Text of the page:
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Globally, more than 7,500 FinTech firms, combined, have raised over USD 109.8 billion. Yet most will likely fail because: they could not find the right product-market fit, the high cost of scaling up, inability to find the right partner, and the struggle to create, launch, and quickly gain market share for a differentiated product that cannot be replicated.
We are constantly researching the fintech market trends and challenges, aggregating the information and enhancing the strategy of fintech software development. Thus, we’ve talked with our specialists and outlined 15+ time-tested rules of fintech app development.
We’ve grouped those rules according to four key principles of fintech app development:
- Security and compliance
- API-led connectivity
- Software infrastructure scalability
- Specific domain expertise
In Part One, we will focus on Security and Compliance, and API-led connectivity.
Security and compliance in fintech app development
That is a hard and absolute rule for all financial services companies, and there is no place for compromise. The topic got even hotter in the light of GDPR, the growing number of API integrations with banks, transactions, users, and the increasing number of vulnerabilities.
ThreatMetrix research showed 80% increase in digital wallet transactions year-on-year as well as a 180% increase in associated bot attacks, that are used to mass test identity credentials.
Source: ThreatMetrix research
It is vital to keep close tabs on what is happening in the ‘security world’, as it is dynamically changing. Some tools may get not resistant to vulnerabilities, or new security risks may arise and call for a more innovative approach.
Key security and compliance rules that we follow when building fintech applications:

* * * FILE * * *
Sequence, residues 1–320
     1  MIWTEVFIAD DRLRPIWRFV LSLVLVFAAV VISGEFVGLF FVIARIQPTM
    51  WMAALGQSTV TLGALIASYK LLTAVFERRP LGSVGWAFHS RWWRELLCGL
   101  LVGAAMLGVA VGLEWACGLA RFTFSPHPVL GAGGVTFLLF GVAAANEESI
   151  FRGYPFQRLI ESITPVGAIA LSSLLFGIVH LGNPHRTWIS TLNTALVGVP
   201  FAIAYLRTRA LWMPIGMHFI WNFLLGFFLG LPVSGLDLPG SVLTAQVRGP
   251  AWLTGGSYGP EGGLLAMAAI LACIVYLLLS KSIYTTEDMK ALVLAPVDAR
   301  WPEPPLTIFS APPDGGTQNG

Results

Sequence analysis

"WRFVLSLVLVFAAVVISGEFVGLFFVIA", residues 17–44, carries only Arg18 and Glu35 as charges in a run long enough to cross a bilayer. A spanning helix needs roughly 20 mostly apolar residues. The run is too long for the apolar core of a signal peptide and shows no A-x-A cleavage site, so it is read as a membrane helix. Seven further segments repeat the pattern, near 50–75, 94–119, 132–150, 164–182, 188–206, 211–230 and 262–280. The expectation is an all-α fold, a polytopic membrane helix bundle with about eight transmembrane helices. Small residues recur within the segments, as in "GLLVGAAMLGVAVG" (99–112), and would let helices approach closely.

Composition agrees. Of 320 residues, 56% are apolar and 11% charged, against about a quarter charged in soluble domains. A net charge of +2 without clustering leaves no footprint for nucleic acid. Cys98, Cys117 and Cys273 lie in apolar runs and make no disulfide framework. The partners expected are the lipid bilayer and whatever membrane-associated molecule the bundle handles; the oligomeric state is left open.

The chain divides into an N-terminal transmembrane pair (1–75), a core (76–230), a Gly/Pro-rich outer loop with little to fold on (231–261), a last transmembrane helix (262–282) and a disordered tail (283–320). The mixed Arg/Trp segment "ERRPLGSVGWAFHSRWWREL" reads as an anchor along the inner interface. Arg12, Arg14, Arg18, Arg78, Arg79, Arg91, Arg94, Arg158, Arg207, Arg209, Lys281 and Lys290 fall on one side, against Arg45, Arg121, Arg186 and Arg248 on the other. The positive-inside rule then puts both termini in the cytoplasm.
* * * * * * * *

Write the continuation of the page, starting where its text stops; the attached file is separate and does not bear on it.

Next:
1.Detecting and eliminating OWASP 10 vulnerabilities
When building a fintech app, developers should set up tools (either open source or proprietary ones) to detect top OWASP 10 vulnerabilities. The list is updated each year. For instance, you can tune up the tool so that it will automatically start code analysis to detect the application security risks after each commitment of a build.
2. Compliance with information security policies
Here are the key guidelines fintechs must follow to comply with information security:
- Following certain password security policies ( e.g. demands for strong passwords, monthly password resetting, etc. )
- Following policies of storing passwords and other sensitive user information. For instance, storing only hashed passwords as encrypted ones may be too easy to decrypt.
- Using Multi-Factor Authentication. There are different types of MFA’s, and some of them are more secure yet more complicated. Besides SMS authentication, which is not a very secure one, there is also Google authentication, hardware tokens, Yubikeys, and more. However, they are more complex than mobile apps.
- Compliance with PCI DSS. A fintech company that accepts card payments and stores, processes and transmits cardholder data, must ensure it hosts their data securely with a PCI compliant hosting provider.
To ensure compliance with information security, fintechs can go two ways: either build their own tools or integrate with 3rd party services and agencies that specialize in identity management and identity brokers.
3. Financial monitoring and addressing KYC issues
Fintechs must integrate with third parties and ensure monitoring and blocking of suspicious transactions, preventing smurfing, detecting money laundering, and blocking people or organizations on blacklists.